Young professionals sometimes ask me how they can get a job or how they can do well in their first job. I advise them to be entrepreneurial in whatever they are doing. You might only think about entrepreneurship as starting a business – but it applies to every job. The most attractive job candidates are usually the self-starters who have demonstrated their ability to go above and beyond to create value. What are you doing in your current job to distinguish yourself? What do you do outside of your job to distinguish yourself?
Here are some generalized examples:
1. A student contacted me last year asking for an informational interview. She was a rising senior who wanted to be more involved but didn’t know where to start. I was impressed by this before she came and then she arrived early, asked good questions, and showed a real drive to succeed. I connected her with the Institute for Humane Studies and her local state think tank. She interned there and got a job upon graduation. Contrast this to students who wait for someone to give them a job and then are surprised when they are under- or unemployed after graduation. All you have to do is ask for help!
2. Two candidates apply for a position with a nonprofit organization. They both attended fine universities and earned a solid GPA with relevant coursework. Both candidates had relevant internships and experience that would probably make them a good fit. However, one of the candidates was a leader on campus with demonstrated results because she led a libertarian campus group that was able to change students’ minds and even reverse an orwellian speech code on campus. She took initiative above and beyond the other candidate and is probably more likely to get the job.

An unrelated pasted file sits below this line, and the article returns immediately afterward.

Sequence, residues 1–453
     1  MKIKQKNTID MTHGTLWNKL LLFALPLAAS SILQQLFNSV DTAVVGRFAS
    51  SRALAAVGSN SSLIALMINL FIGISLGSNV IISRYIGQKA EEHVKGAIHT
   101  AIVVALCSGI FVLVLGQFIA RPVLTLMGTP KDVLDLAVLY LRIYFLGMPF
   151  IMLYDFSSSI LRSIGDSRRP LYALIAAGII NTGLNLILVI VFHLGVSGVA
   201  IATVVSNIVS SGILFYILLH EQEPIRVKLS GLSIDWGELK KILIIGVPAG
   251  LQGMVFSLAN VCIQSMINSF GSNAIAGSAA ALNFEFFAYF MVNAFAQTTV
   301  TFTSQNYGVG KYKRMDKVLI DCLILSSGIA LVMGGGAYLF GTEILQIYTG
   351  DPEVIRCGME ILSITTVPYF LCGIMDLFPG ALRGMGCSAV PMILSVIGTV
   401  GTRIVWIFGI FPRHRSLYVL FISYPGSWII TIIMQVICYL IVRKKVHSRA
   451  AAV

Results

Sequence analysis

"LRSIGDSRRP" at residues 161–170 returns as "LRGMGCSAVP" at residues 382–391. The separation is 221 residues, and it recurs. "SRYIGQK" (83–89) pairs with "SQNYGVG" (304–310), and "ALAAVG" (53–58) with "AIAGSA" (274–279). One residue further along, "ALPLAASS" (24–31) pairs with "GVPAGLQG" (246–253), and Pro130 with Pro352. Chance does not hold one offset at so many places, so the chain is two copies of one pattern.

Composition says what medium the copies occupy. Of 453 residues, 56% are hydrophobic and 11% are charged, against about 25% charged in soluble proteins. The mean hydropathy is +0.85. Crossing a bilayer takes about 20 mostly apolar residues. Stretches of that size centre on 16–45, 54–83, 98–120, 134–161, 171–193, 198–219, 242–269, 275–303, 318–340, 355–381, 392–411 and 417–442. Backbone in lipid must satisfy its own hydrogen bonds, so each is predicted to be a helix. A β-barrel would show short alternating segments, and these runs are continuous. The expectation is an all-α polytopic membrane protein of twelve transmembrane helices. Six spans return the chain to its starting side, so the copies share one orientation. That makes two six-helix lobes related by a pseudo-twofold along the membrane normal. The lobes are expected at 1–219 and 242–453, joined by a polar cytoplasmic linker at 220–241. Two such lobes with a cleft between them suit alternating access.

3. Two candidates are finalists for a job. They both have 2 or 3 years of relevant experience in the field that would qualify them for the position. They both have strong recommendations from employers, professors, and others. However, one candidate is already involved with the hiring organization because he volunteered at events over the last year and has developed relationships with several people on the staff already. He is probably more likely to get the job because he took the initiative above and beyond his previous job to be involved with an outside organization in a similar field.
Please note that these are generalizations and each hiring manager will have different criteria on which to make a decision. The point is that students and young professionals who have an entrepreneurial attitude, and create value above and beyond the minimum, are more likely to be hired and more likely to be successful.
You can start being proactive right now. If you are a student, get involved with campus organizations and find ways to create value for other students using your skills and talents. If you are a young professional, ask your supervisor if you can help with different projects or how you can do better on current projects. Consider volunteering or getting involved with outside organizations in your field, too.
Roger Custer is executive director of America’s Future Foundation